How many times have you heard someone respond to a specific Catholic teaching, say on Mary or on the papacy, with the question, “Where’s that in the Bible?” So often the intent of this question is to imply that these Catholic teachings are in fact not found in Scripture, and are therefore not to be believed.
But where’s that in the Bible? Where does the Bible teach that what Christians should believe must be found in Scripture? The theological assumption here is often called by its technical Latin name, sola Scriptura, or Scripture alone, and amounts to something like, “the Bible is the only authority on matters of Christian doctrine.”
Certainly 2 Timothy 3:16-17 teaches that, “All Scripture is God-breathed and is useful for teaching, rebuking, correcting and training in righteousness, so that the man of God may be thoroughly equipped for every good work” (NIV). That all Scripture is God-breathed, or inspired, is of course true and is not something only taught by Protestants; the Catholic Church equally affirms this teaching, and in fact cites this passage, e.g. in the Second Vatican Council’s 1965 dogmatic constitution on divine revelation, Dei Verbum (no. 11; see also the Catechism of the Catholic Church, ftnt 70 to no. 105).
What is at issue here is the divine authority inherent in Apostolic Tradition, of which the Bible itself is a part. In 1 Timothy 3:15 we also discover that the Church is the “pillar and foundation of truth” (NIV). Moreover, 2 Thessalonians 2:15 exhorts its audience (including us) to, “stand firm and hold to the traditions which you were taught, whether by word of mouth or by letter from us” (NASB).
Such Apostolic Tradition is important for many reasons, one of which is that Scripture is difficult to understand. Acts 8:26-40 attests to this when Philip meets with the Ethiopian eunuch who was reading from the suffering servant passage in Isaiah 52:13-53:12. Philip asks, “Do you understand what you are reading?” to which the Ethiopian eunuch responds, “How can I unless someone explains it to me?” (30-31, NIV). The Apostle Peter also highlights the difficulty of interpreting Scripture. Peter mentions Paul’s Letters, “in which are some things hard to understand” (2 Peter 3:16, NASB).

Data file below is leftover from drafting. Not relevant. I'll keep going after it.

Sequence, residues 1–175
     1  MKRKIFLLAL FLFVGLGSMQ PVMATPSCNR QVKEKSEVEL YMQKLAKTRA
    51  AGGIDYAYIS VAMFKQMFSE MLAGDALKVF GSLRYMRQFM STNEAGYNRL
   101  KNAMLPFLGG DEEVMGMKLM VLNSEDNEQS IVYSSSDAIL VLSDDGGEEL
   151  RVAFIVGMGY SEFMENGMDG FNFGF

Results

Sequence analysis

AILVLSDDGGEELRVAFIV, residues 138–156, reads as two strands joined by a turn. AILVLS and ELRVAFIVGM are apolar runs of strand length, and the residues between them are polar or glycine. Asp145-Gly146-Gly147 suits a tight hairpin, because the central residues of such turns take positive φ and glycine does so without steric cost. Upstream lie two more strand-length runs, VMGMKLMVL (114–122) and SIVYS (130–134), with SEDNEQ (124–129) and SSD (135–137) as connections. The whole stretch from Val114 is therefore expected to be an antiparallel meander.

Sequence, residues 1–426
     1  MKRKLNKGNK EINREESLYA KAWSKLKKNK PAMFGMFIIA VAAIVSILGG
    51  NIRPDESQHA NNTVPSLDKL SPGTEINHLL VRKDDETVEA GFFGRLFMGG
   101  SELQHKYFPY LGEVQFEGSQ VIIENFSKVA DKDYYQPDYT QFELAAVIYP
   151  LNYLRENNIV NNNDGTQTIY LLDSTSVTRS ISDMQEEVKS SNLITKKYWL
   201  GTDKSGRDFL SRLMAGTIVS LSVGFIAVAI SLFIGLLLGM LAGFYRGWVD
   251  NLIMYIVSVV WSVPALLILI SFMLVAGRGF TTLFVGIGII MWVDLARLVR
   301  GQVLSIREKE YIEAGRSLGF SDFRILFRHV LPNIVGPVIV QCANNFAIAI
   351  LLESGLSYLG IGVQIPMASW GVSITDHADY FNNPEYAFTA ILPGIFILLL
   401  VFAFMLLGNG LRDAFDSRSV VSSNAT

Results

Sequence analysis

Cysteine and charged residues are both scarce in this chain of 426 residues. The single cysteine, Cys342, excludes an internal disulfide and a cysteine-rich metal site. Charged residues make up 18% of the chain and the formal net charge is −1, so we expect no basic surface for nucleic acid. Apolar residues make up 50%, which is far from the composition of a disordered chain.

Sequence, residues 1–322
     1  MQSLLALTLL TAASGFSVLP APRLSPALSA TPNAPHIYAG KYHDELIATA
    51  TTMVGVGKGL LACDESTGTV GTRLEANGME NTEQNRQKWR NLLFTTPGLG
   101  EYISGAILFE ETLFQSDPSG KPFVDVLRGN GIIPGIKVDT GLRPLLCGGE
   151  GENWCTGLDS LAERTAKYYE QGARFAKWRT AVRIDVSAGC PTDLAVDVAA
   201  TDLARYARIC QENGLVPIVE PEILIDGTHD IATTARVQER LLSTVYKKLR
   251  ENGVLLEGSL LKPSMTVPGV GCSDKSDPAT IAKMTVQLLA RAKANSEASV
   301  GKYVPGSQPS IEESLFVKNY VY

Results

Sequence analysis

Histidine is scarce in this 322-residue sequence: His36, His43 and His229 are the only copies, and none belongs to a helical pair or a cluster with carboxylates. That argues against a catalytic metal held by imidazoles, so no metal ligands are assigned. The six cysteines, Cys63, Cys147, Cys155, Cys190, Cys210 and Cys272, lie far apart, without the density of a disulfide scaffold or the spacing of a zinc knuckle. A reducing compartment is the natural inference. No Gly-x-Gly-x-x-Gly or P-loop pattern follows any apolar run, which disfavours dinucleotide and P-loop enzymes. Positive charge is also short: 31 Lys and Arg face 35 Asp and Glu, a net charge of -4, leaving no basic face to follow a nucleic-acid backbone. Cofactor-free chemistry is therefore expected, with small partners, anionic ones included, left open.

What we have in Scripture is indeed sacred, but Jesus is the Word of God (John 1:1). Jesus embodies the fullness of God’s communication to humanity. What Jesus taught was passed down in Scripture, but was also faithfully handed on by His greatest of students, the Apostles, some of whom wrote portions of Scripture. Jesus never wrote a Gospel, nor did He ask others to do so, rather He built a Church (Matthew 16:18), and promised to remain with it forever (Matthew 28:20). Indeed, it was this very Church that, under the guidance of the Holy Spirit determined which books belonged in Scripture and which ones did not.
“Where’s that in the Bible?” is an important question, and I think that Catholic teachings can indeed be found in Scripture. But, a more biblical question might be, “Where does the Church teach that?”